Rajan Dwivedi

“My rotation on Mt. Everest is successfully completed! I’m feeling quite nice and positive after acclimatization drill to the Lhotse face (6,800m/22,300ft) right below the Camp 3. I climbed down to EBC yesterday afternoon from C2. Crossing Khumbu Icefall is always tricky! Today I am in Namache Bazaar (3400m/11,000ft) for rest and recovery.

Currently, the fixed line is set from EBC (crampon point) till Camp 4 (South Col). Once rope is fixed from the Camp 4 to the summit, I will go back to EBC and wait for the weather window to mount my summit bid. I will climb the whole mountain again and this time all the way to the summit. Our Sherpa staff has been phenomenal in leading and decision making. Currently they are busy with the logistics of camp sites at C3, C4 and placing food, fuel, supplemental O2 to support our mission.”

Rohann Freeman

“Sujan and I ventured into the icefall up to Camp 2 today, our first of many forays. I have been hearing all sorts of stories about the icefall, so I wasn’t sure what to expect. We took our time making our way through. It was nice to get to Camp 2.
Today was mostly about getting our gear right, familiarize ourselves with the icefall. After some boot modifications and crampon adjustments, we were dialed in. We want to be efficient at the right times. We enjoyed the scenery of basecamp and Pumori while plodding our way through and around ice seracs. The steps and motions all came back pretty quickly. It was a productive day. Back at it tomorrow.”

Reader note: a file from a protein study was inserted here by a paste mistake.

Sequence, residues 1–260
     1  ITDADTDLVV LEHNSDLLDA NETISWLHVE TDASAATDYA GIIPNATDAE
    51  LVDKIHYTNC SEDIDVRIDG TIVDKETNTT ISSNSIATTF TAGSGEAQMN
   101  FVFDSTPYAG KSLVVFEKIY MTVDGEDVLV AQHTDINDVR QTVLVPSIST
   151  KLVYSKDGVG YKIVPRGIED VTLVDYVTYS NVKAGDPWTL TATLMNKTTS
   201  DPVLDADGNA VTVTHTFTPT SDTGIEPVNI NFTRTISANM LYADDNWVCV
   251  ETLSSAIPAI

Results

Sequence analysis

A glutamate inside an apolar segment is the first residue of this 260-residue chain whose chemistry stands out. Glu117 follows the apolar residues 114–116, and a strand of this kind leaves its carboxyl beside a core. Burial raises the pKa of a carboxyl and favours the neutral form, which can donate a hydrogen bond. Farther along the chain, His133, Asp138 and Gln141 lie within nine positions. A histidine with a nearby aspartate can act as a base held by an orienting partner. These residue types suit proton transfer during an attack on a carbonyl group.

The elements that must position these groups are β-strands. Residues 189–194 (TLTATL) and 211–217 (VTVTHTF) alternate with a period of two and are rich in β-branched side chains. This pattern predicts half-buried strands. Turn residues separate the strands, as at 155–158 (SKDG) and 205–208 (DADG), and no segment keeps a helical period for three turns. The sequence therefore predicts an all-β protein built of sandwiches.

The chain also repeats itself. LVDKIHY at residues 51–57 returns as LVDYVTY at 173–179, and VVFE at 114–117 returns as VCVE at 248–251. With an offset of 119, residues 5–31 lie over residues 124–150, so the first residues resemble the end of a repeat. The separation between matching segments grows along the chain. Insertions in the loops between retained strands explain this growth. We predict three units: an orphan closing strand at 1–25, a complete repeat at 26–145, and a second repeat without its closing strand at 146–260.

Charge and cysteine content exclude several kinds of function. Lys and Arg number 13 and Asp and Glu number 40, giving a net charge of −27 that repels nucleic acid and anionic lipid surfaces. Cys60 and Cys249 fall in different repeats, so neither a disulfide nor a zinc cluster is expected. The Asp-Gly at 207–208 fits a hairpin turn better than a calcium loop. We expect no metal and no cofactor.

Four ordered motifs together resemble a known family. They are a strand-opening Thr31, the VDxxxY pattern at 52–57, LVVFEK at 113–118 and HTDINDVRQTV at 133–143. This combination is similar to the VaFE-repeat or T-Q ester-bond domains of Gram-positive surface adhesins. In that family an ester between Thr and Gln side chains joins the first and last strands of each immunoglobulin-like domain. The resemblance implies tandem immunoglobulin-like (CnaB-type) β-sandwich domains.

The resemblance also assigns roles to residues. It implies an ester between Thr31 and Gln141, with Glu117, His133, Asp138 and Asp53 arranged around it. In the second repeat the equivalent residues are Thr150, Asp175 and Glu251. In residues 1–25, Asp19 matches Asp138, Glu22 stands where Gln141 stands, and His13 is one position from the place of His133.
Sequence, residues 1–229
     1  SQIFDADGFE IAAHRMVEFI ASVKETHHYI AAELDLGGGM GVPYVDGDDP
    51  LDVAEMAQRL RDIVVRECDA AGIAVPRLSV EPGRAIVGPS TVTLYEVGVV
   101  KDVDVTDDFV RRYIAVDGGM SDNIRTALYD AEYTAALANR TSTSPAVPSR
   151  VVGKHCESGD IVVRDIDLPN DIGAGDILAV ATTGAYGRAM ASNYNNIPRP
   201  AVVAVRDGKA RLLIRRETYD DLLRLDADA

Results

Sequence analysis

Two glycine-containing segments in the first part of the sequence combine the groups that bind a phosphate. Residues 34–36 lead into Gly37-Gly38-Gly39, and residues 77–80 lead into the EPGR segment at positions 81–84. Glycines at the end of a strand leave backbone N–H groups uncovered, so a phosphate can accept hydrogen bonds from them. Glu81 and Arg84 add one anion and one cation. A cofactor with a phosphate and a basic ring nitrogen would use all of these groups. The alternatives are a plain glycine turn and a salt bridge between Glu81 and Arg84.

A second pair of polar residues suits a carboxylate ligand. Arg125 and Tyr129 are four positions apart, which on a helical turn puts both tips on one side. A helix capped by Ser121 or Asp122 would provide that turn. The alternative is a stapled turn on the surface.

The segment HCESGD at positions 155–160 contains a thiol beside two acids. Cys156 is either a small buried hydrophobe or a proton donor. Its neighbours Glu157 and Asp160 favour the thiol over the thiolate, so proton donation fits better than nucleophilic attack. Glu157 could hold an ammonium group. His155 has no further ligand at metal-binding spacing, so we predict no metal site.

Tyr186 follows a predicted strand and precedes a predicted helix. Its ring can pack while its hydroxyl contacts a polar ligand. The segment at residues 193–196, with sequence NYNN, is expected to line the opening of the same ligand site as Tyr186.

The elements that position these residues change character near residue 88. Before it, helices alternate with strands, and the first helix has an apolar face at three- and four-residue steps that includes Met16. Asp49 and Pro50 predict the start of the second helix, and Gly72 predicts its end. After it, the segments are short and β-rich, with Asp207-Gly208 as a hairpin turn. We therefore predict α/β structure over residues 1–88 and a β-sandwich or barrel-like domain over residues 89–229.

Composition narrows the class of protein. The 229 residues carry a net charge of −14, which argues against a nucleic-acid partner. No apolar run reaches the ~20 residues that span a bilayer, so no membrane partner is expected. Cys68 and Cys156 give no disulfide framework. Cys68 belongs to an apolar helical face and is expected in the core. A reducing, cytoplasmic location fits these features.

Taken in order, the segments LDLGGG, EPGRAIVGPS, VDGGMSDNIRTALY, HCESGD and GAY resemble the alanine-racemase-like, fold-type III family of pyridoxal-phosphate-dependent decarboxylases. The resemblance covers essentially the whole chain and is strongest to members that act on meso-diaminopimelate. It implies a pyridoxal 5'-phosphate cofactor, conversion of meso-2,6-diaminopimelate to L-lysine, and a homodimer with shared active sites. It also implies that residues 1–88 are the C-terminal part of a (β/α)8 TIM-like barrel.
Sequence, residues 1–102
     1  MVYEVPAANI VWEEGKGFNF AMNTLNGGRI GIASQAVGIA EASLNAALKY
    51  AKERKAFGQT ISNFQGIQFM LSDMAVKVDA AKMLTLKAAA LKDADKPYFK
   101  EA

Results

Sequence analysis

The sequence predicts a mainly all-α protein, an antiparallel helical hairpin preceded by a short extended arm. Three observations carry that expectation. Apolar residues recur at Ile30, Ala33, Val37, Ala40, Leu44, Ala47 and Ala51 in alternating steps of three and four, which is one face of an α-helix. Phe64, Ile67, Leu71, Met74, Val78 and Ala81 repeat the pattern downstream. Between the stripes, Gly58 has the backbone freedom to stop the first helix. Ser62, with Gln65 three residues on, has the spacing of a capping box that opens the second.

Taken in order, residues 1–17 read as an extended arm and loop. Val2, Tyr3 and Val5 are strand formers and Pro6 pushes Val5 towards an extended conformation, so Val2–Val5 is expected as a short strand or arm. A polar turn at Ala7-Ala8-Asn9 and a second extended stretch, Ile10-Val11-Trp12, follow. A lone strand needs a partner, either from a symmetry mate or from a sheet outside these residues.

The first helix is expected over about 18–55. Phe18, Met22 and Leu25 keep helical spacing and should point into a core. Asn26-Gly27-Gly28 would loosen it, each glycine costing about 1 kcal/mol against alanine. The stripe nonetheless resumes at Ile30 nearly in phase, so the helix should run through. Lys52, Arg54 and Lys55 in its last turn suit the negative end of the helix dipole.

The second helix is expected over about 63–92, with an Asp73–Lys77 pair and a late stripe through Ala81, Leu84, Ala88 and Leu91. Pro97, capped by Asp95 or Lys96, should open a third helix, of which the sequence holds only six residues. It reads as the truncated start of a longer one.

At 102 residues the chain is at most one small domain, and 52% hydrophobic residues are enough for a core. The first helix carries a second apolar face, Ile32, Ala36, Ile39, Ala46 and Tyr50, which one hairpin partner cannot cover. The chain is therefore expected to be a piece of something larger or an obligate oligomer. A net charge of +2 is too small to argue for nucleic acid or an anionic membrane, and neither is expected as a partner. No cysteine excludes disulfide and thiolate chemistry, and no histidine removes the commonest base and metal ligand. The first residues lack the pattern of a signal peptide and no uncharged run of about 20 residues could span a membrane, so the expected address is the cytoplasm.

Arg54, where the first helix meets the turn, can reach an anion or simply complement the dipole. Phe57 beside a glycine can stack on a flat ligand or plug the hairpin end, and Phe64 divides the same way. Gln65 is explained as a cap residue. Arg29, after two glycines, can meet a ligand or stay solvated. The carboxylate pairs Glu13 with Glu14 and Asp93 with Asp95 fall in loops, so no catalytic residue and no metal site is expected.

Extremos Team

“The Grade6 team started the 2nd Acclimation Cycle and have already arrived at Camp 1 with a temperature from – 15 to – 20.

Carlos commented by phone that the icefall is longer than usual, but it is very safe! In this stretch of approach the whole group took between 10 and 12 hours to reach C1. Everyone is well and resting.”

Riki (Colorado Mountain Lover)

“I am heading out in 7 hours again at 1 am for my second rotation on Everest. Back through the crazy khumbu icefall again! I will spend one night at Camp 1 and then three nights at Camp 2. On the second to last day up there we will climb the Lhotse face to Camp 3. I will spend at least an hour or two at Camp 3 to acclimatize before returning to Camp 2. 

Today people up there were turned back before Camp 3 because of rockfalls so fingers crossed. l’ve been asked and I can understand why it is confusing as to why we keep putting in a lot of effort, risk and time going up and down through the icefall instead of continuing onward. At high altitude your body needs time to acclimatize to prevent altitude sickness and worse. By going up, sleeping high and then coming back to a lower elevation, our bodies have time to both adjust and recover. There is no other way up Everest on the Nepali side except through the icefall so it just is what it is and what we must do. I am excited and am feeling good and strong. Thank you all, I’ll check in in five or six days.”

Furtenbach Adventures

“Both Flash and the North Classic Teams climbed Mera Peak and are now in Everest basecamp. South Classic team is coming down from their rotation today. A small North side team is entering Tibet in a few days.”

Terray Sylvester

“First steps into the icefall today! Preparation before we begin to move up to Camp 1”